On that basis pretty much any framework (struts, spring MVC, JSF, stripes etc) can be used since they are all solving the problem in the same ways. In most cases, the problems are the same: add object, list objects, edit objects & save objects. The differences in frameworks arise in their solutions to the problems which are present regardless of the type of application (i.e. state management, bookmarked links, templating and the back button, browser compatibility etc.).

So tell me, what IDE is going to support the implementation of JSF you choose? And is that IDE going to fit the needs of the development group? Just pointing out that IDE support isn't necessarily a good reason to choose a framework either. Sure, it can matter, but should it be a deciding factor? I don't think so. Personally, I'm am the most productive with IntelliJ IDEA in any given framework I need to work in. I can't stand D&D generated code. If my IDE supports JEE development, I'm gold. I understand that some people need a bit more hand holding however, and that is their decision.



Personally, I'm enjoying writing my JSF by hand. I too dislike any web front end that is D&D generated, including visual studio or just regular old HTML editors. However, what I did like was coding my web front end by hand, then flipping to a visual representation which gives me an idea of whether it looks right, then selecting a component here and there, and letting the IDE help me add event handlers and I just fill in the code. It was a time saver, especially as I didn't know how to add event handlers in .net at the time ;-)
To date, I don't think I've seen any broad Java IDE support for web design. Netbeans has a Visual Designer, but it relies on the rave components and that your beans have a particular superclass. It's not like you can just open up a JSF page and go to town on it. Plus, not sure how things will work out if you want to use templating with it.

On a related note, here is a case where choice doesn't give you the advantage. I don't see the Java IDE teams writing GUI editors for every new presentation layer that comes along. This is possibly another advantage for being a standard. OTOH, ASP.net, being the only choice means that IDEs only need to concern themselves with ASP.net markup in the web pages. Not only can the designer present the user with the default controls, but it can also handle custom controls that have been installed.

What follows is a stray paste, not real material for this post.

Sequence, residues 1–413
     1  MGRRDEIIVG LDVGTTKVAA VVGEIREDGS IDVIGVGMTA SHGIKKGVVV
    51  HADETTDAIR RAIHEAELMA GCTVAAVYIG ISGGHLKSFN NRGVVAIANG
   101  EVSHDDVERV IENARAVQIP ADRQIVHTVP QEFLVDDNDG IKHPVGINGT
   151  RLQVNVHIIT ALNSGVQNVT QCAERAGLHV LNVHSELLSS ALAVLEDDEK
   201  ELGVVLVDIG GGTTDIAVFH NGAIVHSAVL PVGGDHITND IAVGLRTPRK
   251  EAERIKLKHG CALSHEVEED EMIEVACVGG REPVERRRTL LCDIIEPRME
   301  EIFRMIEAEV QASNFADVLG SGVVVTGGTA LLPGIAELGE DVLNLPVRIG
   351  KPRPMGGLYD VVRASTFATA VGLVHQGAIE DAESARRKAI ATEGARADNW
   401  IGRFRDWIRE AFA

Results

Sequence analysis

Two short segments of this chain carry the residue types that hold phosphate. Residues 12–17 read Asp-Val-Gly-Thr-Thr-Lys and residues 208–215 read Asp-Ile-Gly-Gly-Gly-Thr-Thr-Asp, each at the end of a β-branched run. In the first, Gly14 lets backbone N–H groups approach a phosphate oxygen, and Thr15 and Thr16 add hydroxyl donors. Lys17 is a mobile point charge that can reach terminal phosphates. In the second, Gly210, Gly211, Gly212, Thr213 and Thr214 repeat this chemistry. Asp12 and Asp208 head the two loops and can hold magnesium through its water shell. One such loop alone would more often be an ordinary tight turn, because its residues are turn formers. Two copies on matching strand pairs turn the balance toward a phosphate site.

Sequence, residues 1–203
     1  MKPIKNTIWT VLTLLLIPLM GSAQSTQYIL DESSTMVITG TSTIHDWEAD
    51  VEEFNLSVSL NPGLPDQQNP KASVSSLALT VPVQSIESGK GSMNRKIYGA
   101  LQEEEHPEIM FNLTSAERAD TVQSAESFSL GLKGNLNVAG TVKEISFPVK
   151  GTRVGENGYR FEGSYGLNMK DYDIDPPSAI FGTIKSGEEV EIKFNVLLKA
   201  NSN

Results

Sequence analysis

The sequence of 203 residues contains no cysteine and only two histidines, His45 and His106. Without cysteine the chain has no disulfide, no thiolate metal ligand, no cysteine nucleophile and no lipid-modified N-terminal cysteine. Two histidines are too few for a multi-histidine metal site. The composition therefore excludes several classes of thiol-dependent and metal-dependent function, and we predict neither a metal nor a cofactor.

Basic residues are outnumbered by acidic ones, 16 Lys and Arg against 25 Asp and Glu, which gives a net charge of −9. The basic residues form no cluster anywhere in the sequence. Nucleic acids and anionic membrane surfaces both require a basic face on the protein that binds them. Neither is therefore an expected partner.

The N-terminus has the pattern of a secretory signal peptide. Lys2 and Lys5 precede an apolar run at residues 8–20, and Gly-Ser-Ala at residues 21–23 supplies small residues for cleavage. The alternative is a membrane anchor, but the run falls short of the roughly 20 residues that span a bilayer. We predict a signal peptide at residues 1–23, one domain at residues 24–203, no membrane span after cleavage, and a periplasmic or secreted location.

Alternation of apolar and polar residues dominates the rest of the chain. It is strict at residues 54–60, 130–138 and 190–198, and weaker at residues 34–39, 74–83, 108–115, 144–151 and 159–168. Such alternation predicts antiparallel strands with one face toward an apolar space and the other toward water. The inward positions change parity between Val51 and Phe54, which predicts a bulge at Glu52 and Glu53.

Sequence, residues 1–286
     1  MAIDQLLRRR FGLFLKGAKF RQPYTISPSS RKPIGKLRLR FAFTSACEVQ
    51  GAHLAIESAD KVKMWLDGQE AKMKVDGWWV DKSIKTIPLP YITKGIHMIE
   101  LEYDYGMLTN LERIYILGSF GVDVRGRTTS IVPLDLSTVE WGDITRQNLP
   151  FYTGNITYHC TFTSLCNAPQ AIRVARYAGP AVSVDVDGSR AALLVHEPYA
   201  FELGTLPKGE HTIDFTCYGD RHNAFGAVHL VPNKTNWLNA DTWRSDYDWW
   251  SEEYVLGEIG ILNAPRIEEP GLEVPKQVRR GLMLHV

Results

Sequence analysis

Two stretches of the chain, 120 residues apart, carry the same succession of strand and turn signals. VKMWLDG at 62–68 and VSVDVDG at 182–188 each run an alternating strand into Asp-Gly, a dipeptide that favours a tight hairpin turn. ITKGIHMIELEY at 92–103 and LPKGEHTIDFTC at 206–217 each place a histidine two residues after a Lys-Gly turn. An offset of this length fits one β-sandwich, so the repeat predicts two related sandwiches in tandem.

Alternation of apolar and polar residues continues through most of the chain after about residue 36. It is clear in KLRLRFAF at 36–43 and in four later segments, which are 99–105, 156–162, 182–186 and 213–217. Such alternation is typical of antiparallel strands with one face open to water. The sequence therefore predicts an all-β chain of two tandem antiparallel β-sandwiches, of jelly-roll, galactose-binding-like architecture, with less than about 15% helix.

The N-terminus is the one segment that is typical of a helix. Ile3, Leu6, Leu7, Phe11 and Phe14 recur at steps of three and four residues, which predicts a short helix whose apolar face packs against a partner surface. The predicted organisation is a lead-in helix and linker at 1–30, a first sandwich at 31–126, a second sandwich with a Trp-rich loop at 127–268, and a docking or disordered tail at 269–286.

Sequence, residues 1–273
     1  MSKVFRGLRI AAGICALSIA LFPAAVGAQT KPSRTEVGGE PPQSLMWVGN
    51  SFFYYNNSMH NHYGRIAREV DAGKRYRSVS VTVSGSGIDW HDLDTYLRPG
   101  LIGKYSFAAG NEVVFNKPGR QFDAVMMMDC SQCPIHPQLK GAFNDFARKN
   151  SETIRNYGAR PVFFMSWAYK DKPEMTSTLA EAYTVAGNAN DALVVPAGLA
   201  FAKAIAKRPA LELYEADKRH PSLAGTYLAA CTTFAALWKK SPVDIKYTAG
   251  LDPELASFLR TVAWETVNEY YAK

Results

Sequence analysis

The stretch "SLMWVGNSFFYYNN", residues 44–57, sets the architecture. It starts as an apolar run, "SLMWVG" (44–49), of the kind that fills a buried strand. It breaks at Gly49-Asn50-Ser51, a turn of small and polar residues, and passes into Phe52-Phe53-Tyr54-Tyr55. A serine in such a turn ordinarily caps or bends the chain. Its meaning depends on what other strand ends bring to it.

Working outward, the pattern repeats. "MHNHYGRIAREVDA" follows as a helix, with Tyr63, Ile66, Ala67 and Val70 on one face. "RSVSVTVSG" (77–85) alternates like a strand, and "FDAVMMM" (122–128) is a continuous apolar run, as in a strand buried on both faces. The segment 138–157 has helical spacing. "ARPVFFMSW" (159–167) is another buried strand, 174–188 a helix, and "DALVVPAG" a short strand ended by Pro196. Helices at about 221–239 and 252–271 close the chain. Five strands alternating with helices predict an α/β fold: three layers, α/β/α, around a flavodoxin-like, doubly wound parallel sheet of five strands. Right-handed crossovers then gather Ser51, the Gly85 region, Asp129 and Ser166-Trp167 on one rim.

Reagrding IDEs, I'd be perfectly happy with an editor with code auto completion and the ability to easily call targets from my Ant script and a file browser. I like to write my code from the ground up so I know I understand what is in there, instead of using New Project wizards or Appfuse. This is especially important to me right now as I'm starting out on this stuff, but it does make it a bugger to work with in an editor.
 
Andy Gibson
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Originally posted by Gregg Bolinger:


All my projects are managed via very simple Ant scripts and sometimes Cruise Control added on top of that. I create a context for my webapp that points to where I want it to point to for all my resources. I work in a realistic working "deployed" webapp.

<snip>

I can go into more detail if you would like. Fill free to contact me outside of the forums or start a new discussion.



I tried to set this up in my ant scripts as I liked the hot deploy in netbeans. What server are you using (for development) and how did you get that web server to point to a directory to use it as a deployed application. Is it some kind of commonly known activity that has a name that I can look up?

Cheers,

Andy
 
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Great topic!

I guess the problem isn't on JSF itself, but on renderers. The JSF engine is great and VERY flexible, but I haven't seen any renderers producing good xhtml (and semantic) code!

If we must lose some control over the GUI code (html) in flavor of component based views, the generated code should be at least standards compliant...

To build component based web apps, today I would go with JSF 1.2 + Facelets, otherwise I'd rather www.vraptor.org

It is very simple, follows strong conventions over configurations and includes some nice ideas from seam and stripes.
[ January 14, 2007: Message edited by: Fabio Kung ]